The Euro and European Economic Conditions
The creation of the euro should now be recognized as an experiment that has led to the sovereign debt crisis in several countries, the fragile condition of major European banks, the high levels of unemployment, and the large trade deficits that now exist in most Eurozone countries. Although the European Central Bank managed the euro in a way that achieved a low rate of inflation, other countries both in Europe and elsewhere have also had a decade of low inflation without incurring the costs of a monetary union.
The emergence of these problems just a dozen years after the start of the euro in 1999 was not an accident or the result of bureaucratic mismanagement but the inevitable consequence of imposing a single currency on a very heterogeneous group of countries, a heterogeneity that includes not only economic structures but also fiscal traditions and social attitudes.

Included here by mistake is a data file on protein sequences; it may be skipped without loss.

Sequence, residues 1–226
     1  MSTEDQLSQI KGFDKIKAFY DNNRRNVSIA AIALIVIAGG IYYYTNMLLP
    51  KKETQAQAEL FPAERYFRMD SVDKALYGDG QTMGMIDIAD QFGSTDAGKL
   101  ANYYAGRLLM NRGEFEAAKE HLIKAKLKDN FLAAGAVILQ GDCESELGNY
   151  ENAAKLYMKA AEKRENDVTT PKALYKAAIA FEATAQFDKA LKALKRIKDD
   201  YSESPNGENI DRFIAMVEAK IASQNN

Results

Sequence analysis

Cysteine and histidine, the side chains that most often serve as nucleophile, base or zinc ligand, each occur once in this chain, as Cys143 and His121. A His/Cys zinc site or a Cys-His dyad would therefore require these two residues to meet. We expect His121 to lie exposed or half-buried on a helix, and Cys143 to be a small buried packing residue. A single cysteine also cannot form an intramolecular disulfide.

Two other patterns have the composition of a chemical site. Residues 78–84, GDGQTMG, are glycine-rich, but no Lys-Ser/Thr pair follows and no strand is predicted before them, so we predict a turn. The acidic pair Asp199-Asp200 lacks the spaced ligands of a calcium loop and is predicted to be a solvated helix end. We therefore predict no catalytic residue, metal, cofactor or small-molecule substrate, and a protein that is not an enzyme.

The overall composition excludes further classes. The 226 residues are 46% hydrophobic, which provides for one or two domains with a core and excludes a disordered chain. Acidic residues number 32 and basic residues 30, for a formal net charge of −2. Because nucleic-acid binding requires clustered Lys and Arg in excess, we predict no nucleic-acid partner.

This paper reviews (1) the reasons for these economic problems, (2) the political origins of the European Monetary Union, (3) the current attempts to solve the sovereign debt problem, (4) the long-term problem of inter-country differences of productivity growth and competitiveness, (5) the special problems of Greece and Italy, (6) and the pros and cons of a Greek departure from the Eurozone.
The views expressed herein are those of the author and do not necessarily reflect the views of the National Bureau of Economic Research.